# sin(), cos(), & tan()

Mike Cunningham

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Posts: 130

posted 15 years ago

In the Mike Meyer's Passport to Java it states:

The trig functions sin(), cos(), & tan(), all return a double value in radians, not degrees. You can use the method toDegrees() to convert the result.

When someone is looking for the value of something using one of these functions....are they looking for an answer in radians or degrees? Also, what's the benefit of being able to convert it to the other type of value?

- Mike

The trig functions sin(), cos(), & tan(), all return a double value in radians, not degrees. You can use the method toDegrees() to convert the result.

When someone is looking for the value of something using one of these functions....are they looking for an answer in radians or degrees? Also, what's the benefit of being able to convert it to the other type of value?

- Mike

Jim Hall

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Posts: 162

posted 15 years ago

These functions do not return a radian value. They return a double value which represents the ratio of sides of a right triangle. The arguments to the methods must be in radians.

sin = o/h

cos = a/h

tan = o/a

where

o = length of opposite side

a = length of adjacent side

h = length of hypotenuse side

The methods asin(), acos(), atan() return a double value in radians that represents the corresponding angle. This number can then be converted into degrees using toDegrees().

sin = o/h

cos = a/h

tan = o/a

where

o = length of opposite side

a = length of adjacent side

h = length of hypotenuse side

The methods asin(), acos(), atan() return a double value in radians that represents the corresponding angle. This number can then be converted into degrees using toDegrees().

Mike Cunningham

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Posts: 130

Jane Griscti

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Posts: 3141

posted 15 years ago

Hi Mike,

Radians represent angular units of measurment based on the value of PI for measuring circles and arcs.

This physics presentation gives a bit of an explanation for their use.

Radians are commonly used in calculations with results being converted to degrees. Astronomers commonly convert between degrees and radians.

If you see an answer to a trig question that shows a result of 30.5 or 280.0 then you'll know that choice is incorrect; radians values won't exceed PI.

Hope that helps.

------------------

Jane Griscti

Sun Certified Programmer for the Javaï¿½ 2 Platform

Co-author Mike Meyers' Java 2 Certification Passport

Radians represent angular units of measurment based on the value of PI for measuring circles and arcs.

This physics presentation gives a bit of an explanation for their use.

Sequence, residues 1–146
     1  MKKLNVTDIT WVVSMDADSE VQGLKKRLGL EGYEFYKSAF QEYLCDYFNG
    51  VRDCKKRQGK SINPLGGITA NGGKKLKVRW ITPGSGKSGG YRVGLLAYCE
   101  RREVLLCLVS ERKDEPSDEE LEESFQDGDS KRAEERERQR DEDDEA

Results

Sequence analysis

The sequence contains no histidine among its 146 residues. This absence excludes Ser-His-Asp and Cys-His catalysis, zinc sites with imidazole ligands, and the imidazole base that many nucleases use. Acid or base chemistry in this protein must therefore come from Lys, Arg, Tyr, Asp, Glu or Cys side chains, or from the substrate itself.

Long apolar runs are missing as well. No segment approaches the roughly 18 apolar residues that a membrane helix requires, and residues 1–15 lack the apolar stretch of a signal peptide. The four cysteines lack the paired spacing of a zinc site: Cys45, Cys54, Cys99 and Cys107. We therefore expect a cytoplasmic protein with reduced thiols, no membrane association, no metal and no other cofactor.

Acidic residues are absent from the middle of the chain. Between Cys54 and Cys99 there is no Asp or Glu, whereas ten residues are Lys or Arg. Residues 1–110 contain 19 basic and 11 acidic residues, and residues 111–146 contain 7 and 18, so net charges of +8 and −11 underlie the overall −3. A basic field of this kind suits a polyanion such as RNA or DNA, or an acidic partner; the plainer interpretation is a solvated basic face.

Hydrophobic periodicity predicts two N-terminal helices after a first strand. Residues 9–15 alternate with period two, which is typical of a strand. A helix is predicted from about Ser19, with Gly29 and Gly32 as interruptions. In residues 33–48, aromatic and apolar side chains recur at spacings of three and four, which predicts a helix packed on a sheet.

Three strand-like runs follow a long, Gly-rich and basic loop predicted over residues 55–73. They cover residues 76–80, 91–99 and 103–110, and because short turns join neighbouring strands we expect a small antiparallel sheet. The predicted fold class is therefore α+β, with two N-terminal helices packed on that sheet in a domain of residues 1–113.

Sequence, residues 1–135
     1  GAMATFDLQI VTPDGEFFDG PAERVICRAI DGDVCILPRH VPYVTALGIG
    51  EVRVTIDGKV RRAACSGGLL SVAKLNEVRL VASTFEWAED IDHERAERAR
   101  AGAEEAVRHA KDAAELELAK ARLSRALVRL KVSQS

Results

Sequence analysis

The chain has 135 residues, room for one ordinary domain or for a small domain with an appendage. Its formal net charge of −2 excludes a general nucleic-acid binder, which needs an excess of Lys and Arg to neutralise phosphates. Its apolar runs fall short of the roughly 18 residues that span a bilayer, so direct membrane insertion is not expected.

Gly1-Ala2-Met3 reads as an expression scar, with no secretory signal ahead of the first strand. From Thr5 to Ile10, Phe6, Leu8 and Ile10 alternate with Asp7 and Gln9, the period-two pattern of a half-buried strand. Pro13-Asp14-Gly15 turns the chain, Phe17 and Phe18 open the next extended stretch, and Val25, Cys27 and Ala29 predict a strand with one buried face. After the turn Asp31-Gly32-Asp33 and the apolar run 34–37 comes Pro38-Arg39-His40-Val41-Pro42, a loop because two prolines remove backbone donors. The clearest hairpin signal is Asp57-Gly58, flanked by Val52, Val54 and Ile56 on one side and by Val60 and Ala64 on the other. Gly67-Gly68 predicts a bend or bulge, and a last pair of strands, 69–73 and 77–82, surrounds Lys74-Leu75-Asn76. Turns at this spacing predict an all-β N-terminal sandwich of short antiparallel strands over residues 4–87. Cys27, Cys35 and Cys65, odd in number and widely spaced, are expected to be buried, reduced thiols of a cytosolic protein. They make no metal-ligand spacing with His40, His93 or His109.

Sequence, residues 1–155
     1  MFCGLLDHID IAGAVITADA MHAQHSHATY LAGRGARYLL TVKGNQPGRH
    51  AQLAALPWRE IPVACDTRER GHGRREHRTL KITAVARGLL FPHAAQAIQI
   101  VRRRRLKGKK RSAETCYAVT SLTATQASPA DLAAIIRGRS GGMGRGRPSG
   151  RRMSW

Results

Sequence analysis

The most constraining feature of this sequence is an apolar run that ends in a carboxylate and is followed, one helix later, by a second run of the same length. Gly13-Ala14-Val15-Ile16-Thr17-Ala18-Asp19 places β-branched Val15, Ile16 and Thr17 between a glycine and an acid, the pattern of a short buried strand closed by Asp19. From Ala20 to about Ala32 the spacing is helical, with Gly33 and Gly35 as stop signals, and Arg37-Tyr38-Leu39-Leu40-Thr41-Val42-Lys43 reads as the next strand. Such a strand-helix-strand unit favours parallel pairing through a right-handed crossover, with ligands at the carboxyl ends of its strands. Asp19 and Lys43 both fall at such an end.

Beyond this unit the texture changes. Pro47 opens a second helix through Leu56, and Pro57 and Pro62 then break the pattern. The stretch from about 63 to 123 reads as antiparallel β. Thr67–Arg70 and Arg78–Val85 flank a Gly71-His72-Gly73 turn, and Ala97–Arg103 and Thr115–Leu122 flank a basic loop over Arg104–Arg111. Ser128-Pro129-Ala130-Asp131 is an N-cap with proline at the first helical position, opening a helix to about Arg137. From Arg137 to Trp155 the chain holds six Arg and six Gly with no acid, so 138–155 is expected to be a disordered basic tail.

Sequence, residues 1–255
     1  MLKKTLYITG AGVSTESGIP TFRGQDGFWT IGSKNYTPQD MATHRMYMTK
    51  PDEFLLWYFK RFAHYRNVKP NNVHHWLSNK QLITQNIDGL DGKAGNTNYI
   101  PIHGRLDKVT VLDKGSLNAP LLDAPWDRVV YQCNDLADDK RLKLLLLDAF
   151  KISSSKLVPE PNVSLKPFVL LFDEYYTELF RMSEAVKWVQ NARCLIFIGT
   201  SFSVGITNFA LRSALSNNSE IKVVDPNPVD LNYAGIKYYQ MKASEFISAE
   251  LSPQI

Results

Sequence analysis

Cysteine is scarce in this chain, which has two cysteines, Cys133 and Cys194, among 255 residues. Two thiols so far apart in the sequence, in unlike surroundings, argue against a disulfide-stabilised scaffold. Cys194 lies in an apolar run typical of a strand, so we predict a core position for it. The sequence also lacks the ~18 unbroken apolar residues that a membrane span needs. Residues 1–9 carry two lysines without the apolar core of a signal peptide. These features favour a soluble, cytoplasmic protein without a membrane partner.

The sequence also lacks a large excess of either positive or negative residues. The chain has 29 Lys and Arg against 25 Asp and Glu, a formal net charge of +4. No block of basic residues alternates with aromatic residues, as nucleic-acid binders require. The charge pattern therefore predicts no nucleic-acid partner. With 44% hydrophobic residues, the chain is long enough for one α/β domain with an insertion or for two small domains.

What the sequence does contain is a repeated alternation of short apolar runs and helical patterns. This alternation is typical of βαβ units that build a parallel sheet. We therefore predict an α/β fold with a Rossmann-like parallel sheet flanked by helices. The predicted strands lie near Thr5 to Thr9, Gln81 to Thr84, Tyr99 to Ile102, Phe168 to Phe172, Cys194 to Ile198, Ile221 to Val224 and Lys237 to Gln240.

Radians are commonly used in calculations with results being converted to degrees. Astronomers commonly convert between degrees and radians.

If you see an answer to a trig question that shows a result of 30.5 or 280.0 then you'll know that choice is incorrect; radians values won't exceed PI.

Hope that helps.

------------------

Jane Griscti

Sun Certified Programmer for the Javaï¿½ 2 Platform

Co-author Mike Meyers' Java 2 Certification Passport

Jane Griscti

SCJP, Co-author Mike Meyers' Java 2 Certification Passport

Jane Griscti

Ranch Hand

Posts: 3141

posted 15 years ago

Doubt you'll see a question that would ask you to compute a cos() or sin() value except on a physics exam

------------------

Jane Griscti

Sun Certified Programmer for the Javaï¿½ 2 Platform

Co-author Mike Meyers' Java 2 Certification Passport

------------------

Jane Griscti

Sun Certified Programmer for the Javaï¿½ 2 Platform

Co-author Mike Meyers' Java 2 Certification Passport

Jane Griscti

SCJP, Co-author Mike Meyers' Java 2 Certification Passport

Madhav Lakkapragada

Ranch Hand

Posts: 5040

posted 15 years ago

Mike:

The answer would be:

System.out.println(Math.sin(angle));

// = 1 this represents a ratio as Jim pointed out.

That doesn't mean that your second println stmt would fail.

Its just a magic with numbers. Your code doesn't deal with

units, its just us humans. So, your second stmt will take an input of 1 (radian) and convert it to degrees and output that

value which would be 57.??? (degrees).

regds.

- satya

ps:

Wasn't there a similar bug in some spaceship launch that

caused a mishap. Confusion between degrees and radians

or was it units...

Mike:

The answer would be:

System.out.println(Math.sin(angle));

// = 1 this represents a ratio as Jim pointed out.

That doesn't mean that your second println stmt would fail.

Its just a magic with numbers. Your code doesn't deal with

units, its just us humans. So, your second stmt will take an input of 1 (radian) and convert it to degrees and output that

value which would be 57.??? (degrees).

regds.

- satya

ps:

Wasn't there a similar bug in some spaceship launch that

caused a mishap. Confusion between degrees and radians

or was it units...

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